Shrub or tree 1–6(–8) m. Branchlets greyish brown, densely pubescent. Leaves leathery, 2–7 × 1–2.5 cm, elliptic to ovate or oblong, upper surface dark green and slightly hairy along the midrib, lower surface pale green and sparsely pubescent with dense indumentum along the midrib, secondary veins obscured, margins minutely serrate, apex broadly obtuse to bluntly acute or acuminate; petiole 0.2–0.4 cm long, densely pubescent. Flowers axillary, solitary or paired, 1.5–2.5 cm diameter; pedicel 0.2–0.45 cm long. Bracteoles three to four, persistent, 0.1–0.2 cm long, outside glabrous; calyx five-lobed, outside glab rous; petals five (to six), white, occasionally pink in bud, obovate, 0.6–1.5 cm long, apex rounded to retuse; stamens numerous, 0.9–1.2 cm long; ovary glabrous. Capsule ovoid, 1.2–1.5 cm diameter, leathery, usually with a single seed. Flowering November to May, fruiting September to October (China). Ming & Bartholomew 2007. Distribution CHINA: Yunnan; VIETNAM. Habitat Forests and thickets, between (1200–)1600 and 2900(–3200) m asl. USDA Hardiness Zone 8–9. Conservation status Not evaluated. Illustration Chang & Bartholomew 1984; NT193. Taxonomic note Three varieties of C. forrestii are differentiated primarily on the basis of small differences in the shape and size of the sepals.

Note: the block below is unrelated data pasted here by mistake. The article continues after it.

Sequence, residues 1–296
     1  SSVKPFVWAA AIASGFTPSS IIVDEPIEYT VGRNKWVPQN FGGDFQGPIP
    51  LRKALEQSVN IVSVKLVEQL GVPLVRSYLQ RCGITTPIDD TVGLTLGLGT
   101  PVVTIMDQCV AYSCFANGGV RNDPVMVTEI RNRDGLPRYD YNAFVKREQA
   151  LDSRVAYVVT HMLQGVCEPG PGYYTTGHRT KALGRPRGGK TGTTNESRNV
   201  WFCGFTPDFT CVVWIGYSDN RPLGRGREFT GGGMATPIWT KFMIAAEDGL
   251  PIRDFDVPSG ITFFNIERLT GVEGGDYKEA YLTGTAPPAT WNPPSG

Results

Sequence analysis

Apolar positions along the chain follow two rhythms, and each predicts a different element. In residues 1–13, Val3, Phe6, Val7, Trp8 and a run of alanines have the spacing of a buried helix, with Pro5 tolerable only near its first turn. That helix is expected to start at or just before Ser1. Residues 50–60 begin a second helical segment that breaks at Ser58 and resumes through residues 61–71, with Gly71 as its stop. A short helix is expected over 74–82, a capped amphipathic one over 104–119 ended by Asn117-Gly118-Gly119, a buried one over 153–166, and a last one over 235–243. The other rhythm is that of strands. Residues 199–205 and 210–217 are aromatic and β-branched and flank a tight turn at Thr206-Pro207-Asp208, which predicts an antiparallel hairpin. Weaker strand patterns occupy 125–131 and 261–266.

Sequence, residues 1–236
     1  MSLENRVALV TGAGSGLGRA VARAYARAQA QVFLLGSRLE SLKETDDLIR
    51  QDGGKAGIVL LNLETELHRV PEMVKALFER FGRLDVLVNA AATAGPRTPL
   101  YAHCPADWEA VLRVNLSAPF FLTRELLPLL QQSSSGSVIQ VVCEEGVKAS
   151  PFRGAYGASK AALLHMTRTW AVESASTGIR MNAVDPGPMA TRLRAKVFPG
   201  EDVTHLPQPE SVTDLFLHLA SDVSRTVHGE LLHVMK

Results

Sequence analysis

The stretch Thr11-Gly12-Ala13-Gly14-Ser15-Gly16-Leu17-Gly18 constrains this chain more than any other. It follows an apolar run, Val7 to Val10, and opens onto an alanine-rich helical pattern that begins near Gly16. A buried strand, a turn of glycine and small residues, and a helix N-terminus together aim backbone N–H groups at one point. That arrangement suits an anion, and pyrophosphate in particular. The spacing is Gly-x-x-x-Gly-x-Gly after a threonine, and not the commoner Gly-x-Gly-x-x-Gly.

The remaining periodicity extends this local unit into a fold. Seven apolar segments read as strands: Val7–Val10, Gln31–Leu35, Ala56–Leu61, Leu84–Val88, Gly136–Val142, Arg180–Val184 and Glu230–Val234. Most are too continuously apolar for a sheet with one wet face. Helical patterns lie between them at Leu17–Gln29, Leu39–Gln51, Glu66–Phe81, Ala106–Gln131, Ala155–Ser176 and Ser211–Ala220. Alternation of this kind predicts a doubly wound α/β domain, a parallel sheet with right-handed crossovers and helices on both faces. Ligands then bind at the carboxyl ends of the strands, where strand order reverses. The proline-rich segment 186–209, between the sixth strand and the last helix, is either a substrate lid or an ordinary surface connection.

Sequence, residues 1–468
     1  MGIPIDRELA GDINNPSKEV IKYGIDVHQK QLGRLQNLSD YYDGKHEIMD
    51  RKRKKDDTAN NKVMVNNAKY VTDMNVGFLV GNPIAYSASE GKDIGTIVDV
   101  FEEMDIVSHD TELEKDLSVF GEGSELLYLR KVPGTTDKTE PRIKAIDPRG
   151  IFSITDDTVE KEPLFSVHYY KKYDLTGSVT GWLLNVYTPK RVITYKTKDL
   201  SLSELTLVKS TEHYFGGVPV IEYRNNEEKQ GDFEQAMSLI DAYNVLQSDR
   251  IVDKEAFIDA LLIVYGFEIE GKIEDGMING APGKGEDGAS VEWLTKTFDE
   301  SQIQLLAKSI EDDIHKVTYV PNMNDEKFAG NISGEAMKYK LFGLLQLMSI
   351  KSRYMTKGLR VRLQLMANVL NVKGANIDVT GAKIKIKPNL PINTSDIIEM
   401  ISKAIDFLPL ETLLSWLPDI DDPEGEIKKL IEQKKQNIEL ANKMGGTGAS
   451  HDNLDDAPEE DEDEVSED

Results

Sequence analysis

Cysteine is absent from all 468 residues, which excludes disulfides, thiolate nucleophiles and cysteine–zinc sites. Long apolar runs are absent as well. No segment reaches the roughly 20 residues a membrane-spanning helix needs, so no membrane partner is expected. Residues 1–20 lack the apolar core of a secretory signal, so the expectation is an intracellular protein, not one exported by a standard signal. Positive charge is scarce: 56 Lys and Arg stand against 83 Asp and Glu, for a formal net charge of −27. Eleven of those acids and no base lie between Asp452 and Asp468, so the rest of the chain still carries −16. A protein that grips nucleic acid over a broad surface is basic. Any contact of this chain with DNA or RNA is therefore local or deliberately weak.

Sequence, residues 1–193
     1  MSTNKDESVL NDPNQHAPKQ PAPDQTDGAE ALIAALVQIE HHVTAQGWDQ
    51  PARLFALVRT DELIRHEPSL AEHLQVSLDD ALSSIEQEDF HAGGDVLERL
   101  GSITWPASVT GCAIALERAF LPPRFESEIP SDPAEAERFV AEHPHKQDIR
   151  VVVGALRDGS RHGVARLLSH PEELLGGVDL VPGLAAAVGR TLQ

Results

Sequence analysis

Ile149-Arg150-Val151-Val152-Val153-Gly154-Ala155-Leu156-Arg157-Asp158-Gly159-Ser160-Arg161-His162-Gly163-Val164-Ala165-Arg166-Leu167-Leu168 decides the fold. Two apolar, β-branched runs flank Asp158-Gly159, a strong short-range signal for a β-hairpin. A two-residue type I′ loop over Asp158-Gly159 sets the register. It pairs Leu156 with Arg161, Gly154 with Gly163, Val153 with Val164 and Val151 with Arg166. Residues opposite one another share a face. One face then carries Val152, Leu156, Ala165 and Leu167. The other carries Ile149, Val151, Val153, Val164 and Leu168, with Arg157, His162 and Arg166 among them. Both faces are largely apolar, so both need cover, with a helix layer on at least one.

Camellia forrestii has been in cultivation for many years but has not achieved wide recognition, perhaps because it is rather tender, apparently surviving temperatures only down to –7 ºC (Gao et al. 2005). In the wild it is said to be a magnificent species, flowering profusely. The flowers are white and rather small but are produced in large numbers on each shoot to give this fine effect. The cluster-flowering habit is transmitted to its hybrids (Gao et al. 2005). It is cultivated in the milder parts of our area.